According to a 2014 survey conducted by RefineM’s CEO, NK Shrivastava, almost 75% of surveyed project managers say their job has grown more difficult. This survey was conducted almost two years ago, and what we hear in our day-to-day operation is that these issues are still applicable for the year 2016. If this is the case, what is a project manager to do? Here at RefineM, we’ve come up with an immediately applicable strategy for you to do more with less and deliver successful projects.
The Project Management Professional (PMP)® exam is a notoriously difficult test on which even experienced project managers commonly struggle. The exact first-time pass rate is not known, but a range of estimates from different sources place it between 20 and 70 percent. Bottom line, if you were not able to pass the PMP exam on your first attempt, you are not alone. You are probably frustrated and are not sure what to do next. Follow these tips to overcome your frustration and pass the exam for which you have studied so hard.
Engaged stakeholders are powerful allies on your project, offering support and insights to help you and your team succeed. Simply listing stakeholders in a stakeholder register is not enough to drive stakeholder engagement. Stakeholders who are not engaged cannot fully support your project and may become barriers to success.
Are you ready to have a team that is actively involved, quick to make decisions and quick to embrace change? If so, you’re ready to implement Agile. With Agile, you’ll speed up delivery, have higher customer satisfaction, greater project success, and will be better equipped to reduce risk. Follow us on the road to implement Agile.
Are you ready to take your Project Management Professional (PMP)® certification exam? Are you sure? The PMP exam is a difficult test, and even highly skilled and experienced project managers can struggle with it. A prep course or boot camp can give you the edge you need, but finding the best course for you can be a project in itself. How can you ensure you’re selecting the best company, course, and instructor to get the best value for your money? In this post, we present ten factors you should consider before selecting a vendor for your PMP Exam prep training.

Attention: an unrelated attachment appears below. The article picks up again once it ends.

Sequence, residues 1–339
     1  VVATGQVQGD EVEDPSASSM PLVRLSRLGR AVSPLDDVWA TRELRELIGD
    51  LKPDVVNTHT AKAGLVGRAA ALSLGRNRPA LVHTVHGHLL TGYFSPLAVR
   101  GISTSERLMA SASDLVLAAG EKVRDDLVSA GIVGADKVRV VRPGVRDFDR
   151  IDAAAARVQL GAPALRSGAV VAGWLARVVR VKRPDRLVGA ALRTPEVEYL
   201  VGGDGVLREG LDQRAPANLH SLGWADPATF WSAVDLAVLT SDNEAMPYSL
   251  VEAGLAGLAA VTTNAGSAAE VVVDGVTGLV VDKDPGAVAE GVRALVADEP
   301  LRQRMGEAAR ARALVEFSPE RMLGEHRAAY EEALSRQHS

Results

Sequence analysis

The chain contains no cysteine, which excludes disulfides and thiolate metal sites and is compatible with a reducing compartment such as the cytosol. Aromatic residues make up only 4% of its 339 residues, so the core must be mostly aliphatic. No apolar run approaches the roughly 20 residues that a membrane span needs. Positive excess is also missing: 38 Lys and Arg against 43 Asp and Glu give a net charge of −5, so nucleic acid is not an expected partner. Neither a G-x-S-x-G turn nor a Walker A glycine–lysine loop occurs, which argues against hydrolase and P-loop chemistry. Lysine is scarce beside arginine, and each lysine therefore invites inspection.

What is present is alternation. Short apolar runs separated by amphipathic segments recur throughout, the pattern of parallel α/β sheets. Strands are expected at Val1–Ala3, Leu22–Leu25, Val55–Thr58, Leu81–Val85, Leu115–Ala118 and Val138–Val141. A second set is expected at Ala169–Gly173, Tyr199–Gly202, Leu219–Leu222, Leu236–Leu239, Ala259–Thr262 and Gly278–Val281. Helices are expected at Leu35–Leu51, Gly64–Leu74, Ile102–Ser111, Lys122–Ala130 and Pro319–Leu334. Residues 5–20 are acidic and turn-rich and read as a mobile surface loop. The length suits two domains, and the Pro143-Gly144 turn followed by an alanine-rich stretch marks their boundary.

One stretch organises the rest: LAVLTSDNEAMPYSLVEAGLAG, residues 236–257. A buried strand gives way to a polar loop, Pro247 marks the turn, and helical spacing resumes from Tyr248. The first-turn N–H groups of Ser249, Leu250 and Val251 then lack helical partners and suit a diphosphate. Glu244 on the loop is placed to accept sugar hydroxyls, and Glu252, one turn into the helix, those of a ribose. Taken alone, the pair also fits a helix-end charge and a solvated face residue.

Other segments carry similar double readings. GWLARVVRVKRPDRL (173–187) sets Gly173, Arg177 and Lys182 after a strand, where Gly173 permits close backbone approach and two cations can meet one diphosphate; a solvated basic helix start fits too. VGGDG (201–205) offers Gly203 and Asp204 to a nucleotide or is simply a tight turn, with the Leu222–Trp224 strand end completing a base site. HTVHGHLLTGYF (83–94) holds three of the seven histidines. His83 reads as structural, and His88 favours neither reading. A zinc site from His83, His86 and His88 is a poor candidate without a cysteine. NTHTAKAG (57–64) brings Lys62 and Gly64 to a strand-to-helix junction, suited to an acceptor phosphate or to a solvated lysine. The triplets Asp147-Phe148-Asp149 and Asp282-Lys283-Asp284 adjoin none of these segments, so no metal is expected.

An agile project is likely to look drastically different as compared to a waterfall project. As a result, the contract for an agile project needs to be constructed with mutual understanding of these differences between customers and organizations practicing agile. Acknowledging the unique project environment in the agile contract will allow both sides to better support their agile projects. In this post, we describe key features agile contracts need to have and describe a few examples of contracts.
In our consulting and project management experience, we have found that projects derail due to five common issues. If you recognize warning signs of these problems on your project, it’s time to take steps to fix the problems. Once action steps have been taken, preventive measures can be employed to keep the problems from returning.
What is the difference between being a boss and being a leader? Bosses become self-absorbed, thinking only about what they must do to see results. On the other hand, leaders look outward to uplift the team to greater levels of success! Why is it important to be a leader instead of a boss? As the common saying goes, “People don’t leave companies – people leave managers.” As a leader, people will have the desire to follow your lead. As a boss, people will react to you. They might even push against you. As you can see, there is a big difference in being a boss verses being a leader.
This post is the first in a Q&A series with RefineM’s CEO and founder, NK Shrivastava. With over 25 years of experience in project management, NK has a lot of wisdom and experience to share. Throughout this series, we will ask NK about his experiences in project management and agile to discover and share what he has learned. In this post, we’ve asked NK to share his experiences from the beginning of his career in project management to now. We hope that you will be able to learn more about NK and how his career has helped shape him into a project management consultant and the CEO of his own company. We hope you will enjoy our first Q&A interview with NK, “Beginnings in Project Management.”
Many organizations start implementing agile on a small scale, with one team or department, and expand from there. When organizations starting agile have traditionally used traditional or waterfall approaches before, they face the challenge of integrating agile and waterfall and determining what projects work best for each approach. In this post, we will talk about the challenges of integrating agile and waterfall and explain a model for how the two can integrate, even on large and complex projects.